Martin Offiah makes bold Matt Peet claim after Wigan Warriors’ historic triumph

Ross Heppenstall
Martin Offiah and Matt Peet

Martin Offiah believes Matt Peet has the potential to become the greatest coach in Wigan Warriors’ illustrious history following their glorious clean sweep of trophies.

Last weekend’s 18-8 Challenge Cup final victory over Warrington Wolves ensured all four pieces of silverware are now under lock and key in the Cherry and Whites’ bulging trophy cabinet.

They won the League Leaders’ Shield and Super League title last autumn before beating Penrith Panthers in the World Club Challenge in February.

Since Peet took charge ahead of the 2022 campaign, Wigan have re-emerged as a major force again and Offiah reckons the former Academy boss is presiding over a genuine renaissance.

Legendary ex-winger Offiah – a guest of honour at Wembley who presented the Challenge Cup to victorious captain Liam Farrell – believes another dynasty could be on the cards.

“I was more nervous watching Wigan last Saturday than I was when I was playing,” Offiah, now a club ambassador for Wigan, told Love Rugby League.

“I had envisaged myself handing over the Challenge Cup to Liam Farrell and had spoken to him about it last Friday at the Cenotaph in London to lay the wreath.

“But I had no control over the game; my job is to be a mouthpiece for Wigan Warriors and the wider sporting world to buy into the story of what is happening at this great club.

READ NEXT: England series versus Samoa set to be announced as more details on venues emerge

“This is an incredible time for Wigan and I have been close to the journey since 2010, when Michael Maguire asked me to write a speech which was delivered to the players before that year’s Grand Final win over St Helens. That speech now sits on a placard above a door to the gym at Robin Park.”

Despite being the most successful club in the British game, Wigan have not enjoyed a sustained period of dominance in the Super League era.

“Bradford Bulls, Leeds Rhinos and St Helens have been the three clubs who have probably been more dominant in Super League, even though Wigan had intermittent success and were still the most famous brand,” added 58-year-old Offiah.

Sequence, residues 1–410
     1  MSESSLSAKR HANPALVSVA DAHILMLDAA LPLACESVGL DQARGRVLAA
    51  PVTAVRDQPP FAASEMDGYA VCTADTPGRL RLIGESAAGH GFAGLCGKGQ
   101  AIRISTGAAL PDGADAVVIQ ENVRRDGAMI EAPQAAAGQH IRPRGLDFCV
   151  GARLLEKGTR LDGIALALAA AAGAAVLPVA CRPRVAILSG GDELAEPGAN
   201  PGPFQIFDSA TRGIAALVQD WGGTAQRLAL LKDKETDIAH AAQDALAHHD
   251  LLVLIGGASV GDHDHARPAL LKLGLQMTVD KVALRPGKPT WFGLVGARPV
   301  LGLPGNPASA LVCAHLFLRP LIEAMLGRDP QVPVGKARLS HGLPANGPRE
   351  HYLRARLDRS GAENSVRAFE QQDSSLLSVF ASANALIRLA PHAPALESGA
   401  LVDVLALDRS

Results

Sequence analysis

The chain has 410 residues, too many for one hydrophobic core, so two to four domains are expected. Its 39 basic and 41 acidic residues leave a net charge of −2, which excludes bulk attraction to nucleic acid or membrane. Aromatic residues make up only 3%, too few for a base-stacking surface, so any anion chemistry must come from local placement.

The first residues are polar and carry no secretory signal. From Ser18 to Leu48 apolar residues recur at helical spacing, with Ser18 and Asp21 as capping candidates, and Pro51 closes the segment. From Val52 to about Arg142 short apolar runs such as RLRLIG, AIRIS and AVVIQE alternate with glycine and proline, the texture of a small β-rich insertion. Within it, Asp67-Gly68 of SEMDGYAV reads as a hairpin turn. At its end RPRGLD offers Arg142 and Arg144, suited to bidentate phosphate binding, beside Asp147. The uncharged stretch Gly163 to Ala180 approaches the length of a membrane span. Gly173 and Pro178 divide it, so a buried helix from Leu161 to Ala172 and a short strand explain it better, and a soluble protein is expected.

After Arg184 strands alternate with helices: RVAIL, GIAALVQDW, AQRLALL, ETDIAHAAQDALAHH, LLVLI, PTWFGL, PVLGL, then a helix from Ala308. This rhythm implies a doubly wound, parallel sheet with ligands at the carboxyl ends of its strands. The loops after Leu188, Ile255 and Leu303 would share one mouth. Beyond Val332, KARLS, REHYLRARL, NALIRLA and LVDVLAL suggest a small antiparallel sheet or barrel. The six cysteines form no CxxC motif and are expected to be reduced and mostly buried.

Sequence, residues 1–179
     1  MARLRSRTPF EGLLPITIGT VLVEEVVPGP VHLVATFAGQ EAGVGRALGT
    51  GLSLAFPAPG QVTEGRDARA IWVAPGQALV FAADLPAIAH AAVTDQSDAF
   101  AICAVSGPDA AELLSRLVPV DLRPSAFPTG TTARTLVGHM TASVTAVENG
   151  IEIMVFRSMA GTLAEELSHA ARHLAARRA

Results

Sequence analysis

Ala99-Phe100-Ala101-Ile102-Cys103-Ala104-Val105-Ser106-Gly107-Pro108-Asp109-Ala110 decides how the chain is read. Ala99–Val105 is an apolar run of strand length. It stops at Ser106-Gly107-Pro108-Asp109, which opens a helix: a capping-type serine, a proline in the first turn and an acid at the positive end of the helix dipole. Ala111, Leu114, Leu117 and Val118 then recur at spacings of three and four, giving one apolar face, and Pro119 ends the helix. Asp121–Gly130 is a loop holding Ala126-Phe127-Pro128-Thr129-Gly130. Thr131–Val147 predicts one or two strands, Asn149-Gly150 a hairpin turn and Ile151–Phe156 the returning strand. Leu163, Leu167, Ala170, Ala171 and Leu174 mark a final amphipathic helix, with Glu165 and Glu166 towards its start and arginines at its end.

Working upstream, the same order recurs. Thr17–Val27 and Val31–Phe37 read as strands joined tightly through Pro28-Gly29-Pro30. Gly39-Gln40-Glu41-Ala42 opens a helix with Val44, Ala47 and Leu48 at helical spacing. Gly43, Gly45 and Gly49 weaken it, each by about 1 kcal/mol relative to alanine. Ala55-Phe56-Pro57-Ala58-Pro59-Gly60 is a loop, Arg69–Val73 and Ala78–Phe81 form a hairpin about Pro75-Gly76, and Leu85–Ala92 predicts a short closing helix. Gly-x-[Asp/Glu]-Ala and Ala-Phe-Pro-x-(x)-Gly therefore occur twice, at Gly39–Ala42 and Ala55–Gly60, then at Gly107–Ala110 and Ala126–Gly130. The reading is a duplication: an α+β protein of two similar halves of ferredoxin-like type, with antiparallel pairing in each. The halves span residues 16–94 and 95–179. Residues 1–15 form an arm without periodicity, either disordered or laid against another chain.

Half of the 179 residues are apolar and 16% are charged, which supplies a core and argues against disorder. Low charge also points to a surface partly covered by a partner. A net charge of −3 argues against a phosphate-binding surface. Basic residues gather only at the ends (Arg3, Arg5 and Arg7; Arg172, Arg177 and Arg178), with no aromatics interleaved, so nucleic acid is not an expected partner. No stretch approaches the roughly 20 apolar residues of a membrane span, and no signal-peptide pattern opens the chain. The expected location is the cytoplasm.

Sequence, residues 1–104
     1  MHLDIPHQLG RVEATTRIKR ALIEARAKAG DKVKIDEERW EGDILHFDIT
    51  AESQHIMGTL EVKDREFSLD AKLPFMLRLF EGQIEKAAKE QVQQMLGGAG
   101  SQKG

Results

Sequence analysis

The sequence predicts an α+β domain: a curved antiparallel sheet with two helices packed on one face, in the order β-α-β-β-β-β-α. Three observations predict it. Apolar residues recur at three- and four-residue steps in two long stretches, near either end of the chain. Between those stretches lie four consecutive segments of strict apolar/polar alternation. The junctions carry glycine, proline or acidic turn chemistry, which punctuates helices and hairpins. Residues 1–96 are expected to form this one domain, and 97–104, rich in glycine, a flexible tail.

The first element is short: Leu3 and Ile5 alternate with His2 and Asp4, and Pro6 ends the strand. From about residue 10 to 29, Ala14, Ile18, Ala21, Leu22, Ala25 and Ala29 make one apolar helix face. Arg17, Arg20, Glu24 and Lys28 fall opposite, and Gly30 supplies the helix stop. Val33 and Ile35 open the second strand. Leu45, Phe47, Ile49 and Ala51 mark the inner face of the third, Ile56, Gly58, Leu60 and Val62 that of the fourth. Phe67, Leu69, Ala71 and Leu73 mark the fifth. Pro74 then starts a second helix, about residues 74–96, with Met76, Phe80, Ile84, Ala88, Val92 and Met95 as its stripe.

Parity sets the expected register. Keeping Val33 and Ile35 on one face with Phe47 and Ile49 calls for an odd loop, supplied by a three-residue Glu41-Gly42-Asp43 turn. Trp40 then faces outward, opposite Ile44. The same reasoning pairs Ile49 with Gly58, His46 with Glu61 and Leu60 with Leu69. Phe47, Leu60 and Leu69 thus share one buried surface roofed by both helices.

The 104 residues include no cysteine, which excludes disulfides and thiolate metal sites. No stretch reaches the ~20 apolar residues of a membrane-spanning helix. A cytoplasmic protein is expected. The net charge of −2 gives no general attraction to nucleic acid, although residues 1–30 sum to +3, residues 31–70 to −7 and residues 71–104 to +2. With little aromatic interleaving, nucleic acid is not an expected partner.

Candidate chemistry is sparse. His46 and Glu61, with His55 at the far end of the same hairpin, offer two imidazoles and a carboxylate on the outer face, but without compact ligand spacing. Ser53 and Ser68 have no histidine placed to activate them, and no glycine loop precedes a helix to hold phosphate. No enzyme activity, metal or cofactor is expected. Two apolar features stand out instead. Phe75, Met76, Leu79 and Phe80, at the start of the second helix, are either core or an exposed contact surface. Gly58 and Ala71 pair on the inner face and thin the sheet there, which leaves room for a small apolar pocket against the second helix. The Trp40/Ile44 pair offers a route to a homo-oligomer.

“But Michael Maguire was the catalyst to put that stake in the ground to really revive the club under Ian Lenagan’s ownership and then Shaun Wane carried that legacy on during his reign.

“Matty Peet is the latest incumbent and what he’s done in less than three years is absolutely incredible. It’s not only what he’s done but the way he’s done it with the culture he’s created.

“He’s not been afraid of what’s gone on before him, he’s embraced it as Wigan have done in the past, and is now taking the club to potentially new heights.

“This is Matty’s time and I believe he could become the greatest coach that Wigan have ever had. But as we all know, getting to the mountain top is a great feat and something that most clubs would be happy with.

“True greatness, though, is about staying there for an extended period of time and that’s the case in all sports. Look at Michael Jordan winning so much in basketball, Wigan winning eight successive Challenge Cups back in the day and Manchester United’s dominance.

READ NEXT: Assessing Wigan Warriors’ potential fullback options after Jai Field injury blow

“We’ve seen it with the likes of Roger Federer in tennis, so serial successes are the mark of true greatness in any era. I believe Wigan are on the cusp of that under Matty and the squad he’s got, but don’t underestimate the role of Kris Radlinski as CEO.

“He’s like a modern-day Maurice Lindsay and has the backing of a fantastic owner in Mike Danson, who is a highly successful businessman and is in it for the right reasons, having also bought Wigan Athletic.

“But it’s still all there to be done for this Wigan Warriors team and that’s the great thing about sport – even though you’re the favourites, you still have to go out there and win.

“You could see the pressure that Matty was under on Saturday and it was interesting afterwards when he said his overriding emotion was relief.

“That’s something I could relate to because, when I came to Wigan in 1992, they had won the Challenge Cup four years on the trot and they just had sold Ellery Hanley to Leeds and bought me!

“They sold the greatest-ever player to play the game of rugby league for £250,000 and bought me from Widnes for a record transfer fee of £440,000. I’d just been the top try-scorer in the competition for four years at Widnes and in 1994 I went to Wembley to win the Challenge Cup, scoring against Leeds.

“Now there I was last Saturday, thirty years later, handing over the trophy to Liam Farrell. We all understand the emotion surrounding the occasion with the tributes to Rob Burrow and, with it being the 30th anniversary of that win over Leeds in 1994, it made it even more special.

“I scored that long-range try against Leeds which has been immortalised as part of the Rugby League statue at Wembley Stadium.

“Last weekend was so emotional and made me realise what a great club Wigan is – but also that this could just be the start of another dynasty. This club has had so many great players, the likes of Ellery, Shaun Edwards, Andy Farrell and then Pat Richards, Sam Tomkins, Tommy Leuluai and Sean O’Loughlin.

“Matty is building on the huge role that Michael Maguire, Shaun Wane and Ian Lenagan played during the club’s more recent success. Who knows where the club will be in future?

“Wigan have already created so much history and the plan is to make even more.”

READ NOW: Wigan Warriors coach Matt Peet addresses NRL links with swift response